The sheer scale of the resources required to maintain this system means that the socially isolated and the psycho-somatically ill are increasingly taking resources from the minority who badly need short term sustained intensive help. These last just fall into the mass - the helped - to add more customers for the growing class of helpers. The height of absurdity is reached when our entire culture becomes geared to helping those who appear to need to help by hiring them as helpers ('full employment'), a worthwhile palliative up to a point but one which, in effect, simply accepts that the way we conduct our social affairs should be 'normalised' as a shared 'lesser misery'.

The poverty of aspiration is staggering. The height of our aspiration is now that everyone has a 'job', a functioning role in a dysfunctional system. Nobody appears to be able to consider how the system might be made more functional - perhaps everyone just accepts that it cannot in a form of conservative pessimism that has merely been re-labeled ‘progressive’. Worse, this conservative pessimism on the 'official' Left (which is now the ruling order regardless of party) must bring everyone under the same health and welfare model. No matter that placebos, shamans and herbal medicines might actually reduce demand on the system. These must always be avoided in favour of more expensive interventions (although we re-assert here the absolute primacy of scientific medecine).

Herbal medicines almost certainly regulate the HPA system and, under experienced guidance, can be made to accord with individual body chemistries. The placebo effect may offend rationalists but works - and if it works, why not embrace it pragmatically? Our concern should only be that people do not use alternative self-medication in preference to scientific medication but only to supplement and self-treat in the grey area between serious dysfunction and apparent health. The truth is that a purely scientific approach to the body-mind continuum is not truly scientific when dealing with most needs most of the time - as opposed to serious need some of the time. It is an ideology of rational intervention that has reached its lowest point with the recent bureaucratic interference by the EU to ban the use of herbal substances as ‘untested’. If the fear is that people will believe the local witch can cure cancer, then the fear is justified but if the fear is that people will choose minor irrationalities that offend the sensibilities of rationalists, then the fear is neurotic - and, oddly, irrational.

This ideology of excessive mass scientific interventionism, as opposed to precautionary advice on nutrition, exercise and mental health based on treating people not as children but as autonomous adults, is the last gasp of an over-simplified scientific materialism and it deserves underground resistance at every level. The real reason why this ideology is dominant is because we are talking here about economics and power and not about any real concern for the self development and empowerment of those autonomous individuals.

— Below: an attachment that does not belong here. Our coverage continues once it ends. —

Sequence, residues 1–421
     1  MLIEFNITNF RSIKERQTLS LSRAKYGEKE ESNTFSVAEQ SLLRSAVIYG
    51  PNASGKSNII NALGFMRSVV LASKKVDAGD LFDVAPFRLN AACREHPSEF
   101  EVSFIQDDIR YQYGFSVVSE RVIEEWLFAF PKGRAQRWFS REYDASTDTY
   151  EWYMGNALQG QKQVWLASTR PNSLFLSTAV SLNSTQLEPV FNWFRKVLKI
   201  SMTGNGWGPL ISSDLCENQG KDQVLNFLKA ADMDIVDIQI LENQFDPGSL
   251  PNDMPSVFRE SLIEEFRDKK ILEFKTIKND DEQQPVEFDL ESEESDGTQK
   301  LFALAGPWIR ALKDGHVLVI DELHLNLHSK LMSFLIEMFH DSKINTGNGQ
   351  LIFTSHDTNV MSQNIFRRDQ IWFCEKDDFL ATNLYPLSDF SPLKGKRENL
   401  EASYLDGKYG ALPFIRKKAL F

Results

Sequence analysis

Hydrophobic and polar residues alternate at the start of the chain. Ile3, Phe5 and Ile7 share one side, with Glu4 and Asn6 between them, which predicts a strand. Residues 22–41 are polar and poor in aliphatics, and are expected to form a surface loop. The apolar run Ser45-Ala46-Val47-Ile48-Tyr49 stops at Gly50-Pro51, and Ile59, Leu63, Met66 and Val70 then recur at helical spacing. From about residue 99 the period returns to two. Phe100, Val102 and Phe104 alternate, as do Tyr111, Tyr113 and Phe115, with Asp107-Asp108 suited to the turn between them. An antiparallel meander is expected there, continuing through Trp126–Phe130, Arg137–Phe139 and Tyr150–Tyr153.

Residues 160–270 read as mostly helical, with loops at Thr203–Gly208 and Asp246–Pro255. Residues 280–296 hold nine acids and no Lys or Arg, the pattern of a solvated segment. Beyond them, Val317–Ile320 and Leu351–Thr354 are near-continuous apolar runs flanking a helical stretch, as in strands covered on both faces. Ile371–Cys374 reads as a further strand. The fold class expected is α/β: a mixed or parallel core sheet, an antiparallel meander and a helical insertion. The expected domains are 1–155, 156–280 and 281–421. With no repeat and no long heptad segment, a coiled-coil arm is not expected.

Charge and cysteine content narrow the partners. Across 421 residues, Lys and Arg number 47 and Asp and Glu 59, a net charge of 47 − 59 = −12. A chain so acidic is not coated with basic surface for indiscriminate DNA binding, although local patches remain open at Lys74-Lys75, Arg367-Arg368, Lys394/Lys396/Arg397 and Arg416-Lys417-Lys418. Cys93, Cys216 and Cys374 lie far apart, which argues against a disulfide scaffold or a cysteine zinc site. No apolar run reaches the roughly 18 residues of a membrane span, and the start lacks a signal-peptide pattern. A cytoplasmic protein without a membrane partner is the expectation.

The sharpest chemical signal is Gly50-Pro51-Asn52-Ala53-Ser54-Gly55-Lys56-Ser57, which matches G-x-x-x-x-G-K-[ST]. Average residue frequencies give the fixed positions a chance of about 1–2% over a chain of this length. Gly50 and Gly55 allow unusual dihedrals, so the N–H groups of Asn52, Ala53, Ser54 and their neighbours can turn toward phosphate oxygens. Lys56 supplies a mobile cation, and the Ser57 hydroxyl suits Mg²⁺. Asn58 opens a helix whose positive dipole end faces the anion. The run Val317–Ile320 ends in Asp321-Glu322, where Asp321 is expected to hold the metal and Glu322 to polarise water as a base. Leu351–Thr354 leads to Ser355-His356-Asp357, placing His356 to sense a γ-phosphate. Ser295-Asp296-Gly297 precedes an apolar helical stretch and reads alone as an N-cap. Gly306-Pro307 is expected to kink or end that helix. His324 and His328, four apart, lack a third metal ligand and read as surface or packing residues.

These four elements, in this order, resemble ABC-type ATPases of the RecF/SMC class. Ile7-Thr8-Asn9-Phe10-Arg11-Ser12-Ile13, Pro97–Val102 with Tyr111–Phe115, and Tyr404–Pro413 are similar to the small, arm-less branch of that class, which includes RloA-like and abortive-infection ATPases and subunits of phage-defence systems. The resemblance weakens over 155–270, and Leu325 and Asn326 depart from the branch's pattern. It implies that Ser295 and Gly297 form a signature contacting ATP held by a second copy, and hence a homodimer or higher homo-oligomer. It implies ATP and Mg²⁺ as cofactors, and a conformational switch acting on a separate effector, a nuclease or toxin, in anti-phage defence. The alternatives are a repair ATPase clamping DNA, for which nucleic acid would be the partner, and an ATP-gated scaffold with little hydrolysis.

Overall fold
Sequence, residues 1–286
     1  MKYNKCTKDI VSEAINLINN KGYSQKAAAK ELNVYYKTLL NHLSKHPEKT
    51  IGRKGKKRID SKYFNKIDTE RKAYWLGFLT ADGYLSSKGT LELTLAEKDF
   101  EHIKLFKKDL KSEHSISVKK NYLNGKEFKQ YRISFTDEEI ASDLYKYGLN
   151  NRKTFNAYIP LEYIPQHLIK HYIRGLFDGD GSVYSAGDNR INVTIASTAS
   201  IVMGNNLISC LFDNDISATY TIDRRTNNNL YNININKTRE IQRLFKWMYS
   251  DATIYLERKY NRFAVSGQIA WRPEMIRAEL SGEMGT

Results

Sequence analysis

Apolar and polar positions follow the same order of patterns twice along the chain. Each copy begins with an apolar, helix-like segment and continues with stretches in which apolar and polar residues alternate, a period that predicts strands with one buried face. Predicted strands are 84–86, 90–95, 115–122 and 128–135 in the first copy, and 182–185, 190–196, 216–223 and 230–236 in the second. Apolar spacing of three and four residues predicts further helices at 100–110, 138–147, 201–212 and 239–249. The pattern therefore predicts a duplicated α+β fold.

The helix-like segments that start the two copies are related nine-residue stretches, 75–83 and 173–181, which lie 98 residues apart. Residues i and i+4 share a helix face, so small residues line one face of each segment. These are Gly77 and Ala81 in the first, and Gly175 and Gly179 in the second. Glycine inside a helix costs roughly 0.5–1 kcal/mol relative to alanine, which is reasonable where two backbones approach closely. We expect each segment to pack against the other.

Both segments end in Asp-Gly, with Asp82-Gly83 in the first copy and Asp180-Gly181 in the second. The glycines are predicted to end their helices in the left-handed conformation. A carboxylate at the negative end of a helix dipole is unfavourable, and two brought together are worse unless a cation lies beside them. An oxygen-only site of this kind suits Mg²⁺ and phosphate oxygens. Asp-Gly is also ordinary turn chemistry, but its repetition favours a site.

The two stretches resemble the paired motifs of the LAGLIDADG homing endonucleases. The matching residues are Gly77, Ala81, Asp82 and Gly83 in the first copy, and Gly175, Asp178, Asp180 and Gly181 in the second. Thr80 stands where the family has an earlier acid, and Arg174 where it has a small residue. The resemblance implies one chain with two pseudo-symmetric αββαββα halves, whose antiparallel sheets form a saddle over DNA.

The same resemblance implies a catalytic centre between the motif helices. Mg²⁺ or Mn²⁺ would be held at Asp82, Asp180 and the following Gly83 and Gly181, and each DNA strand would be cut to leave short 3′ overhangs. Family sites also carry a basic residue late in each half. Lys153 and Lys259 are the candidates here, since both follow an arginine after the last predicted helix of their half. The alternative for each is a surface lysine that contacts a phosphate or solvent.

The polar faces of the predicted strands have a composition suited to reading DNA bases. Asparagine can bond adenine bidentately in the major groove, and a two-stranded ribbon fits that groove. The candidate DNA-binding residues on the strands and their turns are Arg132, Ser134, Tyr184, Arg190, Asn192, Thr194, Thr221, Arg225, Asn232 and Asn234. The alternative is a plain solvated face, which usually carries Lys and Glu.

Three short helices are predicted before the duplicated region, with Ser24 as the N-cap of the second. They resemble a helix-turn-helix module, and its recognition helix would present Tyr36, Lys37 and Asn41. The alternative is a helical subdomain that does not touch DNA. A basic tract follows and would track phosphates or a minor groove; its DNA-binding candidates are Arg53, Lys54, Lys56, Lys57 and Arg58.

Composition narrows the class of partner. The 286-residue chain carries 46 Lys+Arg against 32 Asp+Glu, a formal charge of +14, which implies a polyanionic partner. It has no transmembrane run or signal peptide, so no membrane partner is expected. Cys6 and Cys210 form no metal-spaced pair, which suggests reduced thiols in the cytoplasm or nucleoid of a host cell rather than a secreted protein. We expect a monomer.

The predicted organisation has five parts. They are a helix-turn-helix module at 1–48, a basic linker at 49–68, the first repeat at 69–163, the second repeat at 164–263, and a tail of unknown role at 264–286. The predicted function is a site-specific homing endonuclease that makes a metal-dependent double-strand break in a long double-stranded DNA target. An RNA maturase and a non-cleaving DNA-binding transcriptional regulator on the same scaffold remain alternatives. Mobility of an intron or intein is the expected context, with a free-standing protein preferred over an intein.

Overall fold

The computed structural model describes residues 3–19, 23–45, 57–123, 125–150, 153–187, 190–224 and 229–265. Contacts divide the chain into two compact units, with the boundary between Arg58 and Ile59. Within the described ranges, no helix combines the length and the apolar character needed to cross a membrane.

Welfare systems arose out of real need - the sort of need that still exists in much of the emerging world. Unfortunately, like roads, the solution creates more demand. Because basic care and emergency intervention required taxation, the class interest of the public sector and the need to keep the taxpaying majority supportive came to meant that 'universalism' spread services widely instead of where they were needed most. Hence the anomaly of a massive, expensive and unnecessary child benefits system in place while over a 1,000 kids in a rotten English borough faced appalling sexual abuse because the resources of time and money were not there to protect them.

As demand and expense has increased, the subsequent and necessary 'cutting' process has meant that the same services are just more thinly spread. There is a failure to invest in the wider social infrastructure that caused the stress-related illnesses in the first place and neglect of those who most need expensive but decisive intervention. We now have a grossly inflated public sector whose politics are a deadweight on the economy and on our culture, enforced 'cuts' which harm those in most dire need for political reasons and a grossly dysfunctional social structure that drives psychological and psychosomatic illness.

And what is at the heart of this degraded system in which the 'official' Left is fully complicit? Scientists have found evidence to suggest that social subordination leads to chronic stress - the subordinated are less aggressive, less in control of themselves and constantly anxious about dominant others in our own species. Does this not sound familiar? We have a culture that is ostensibly free but one in which there is no connection between the mass and political decision-making, in which the economy is volatile and dependent on 'global factors' and where most wealth and power trickles down from a tiny group at the top of our tree. We may as well be apes.

And the consequences of this widespread social subordination is chronic stress, expressed as psychosomatic illness and neurosis but also as a lack of engagement in the local community or in enterprise, as addictive behaviour and impulsiveness (especially with bank credit before 2008) and as cynicism. Our politicians are obsessed with grandstanding overseas (apparently we are diminished in the eyes of some Parliamentarians because our Prime Minister is not grandstanding in Kiev instead of worrying about Rotherham), process and keeping the busted system ticking over but none of them understands the central problem of our time - how to return a sense of power and meaning to the people they clearly despise in their hearts or see just as fodder for their own drive to have the power to 'do good' at them or for them instead of with them.

Given our conditions, our problem is not that we are too aggressive as a population but that we are not aggressive enough. Every now and then, some extreme case of violence (such as Raoul Moat, the Ipswich serial killer or gun-killings in South London) creates a surge of anxiety about the psychopaths in our midst but these are tiny events in a country of over 60 million people. What is far more worrying is that the vast bulk of our huge population simply takes the unutterable amount of ordure heaped on them by incompetent governors and experts without protest - and then goes home, gets sick and thanks the system for treating them for the disease the system brought on them in the first place. We are back to the world of Milgram. The few who can capture the machine, the alpha apes, can command millions ... and that should really worry and depress us.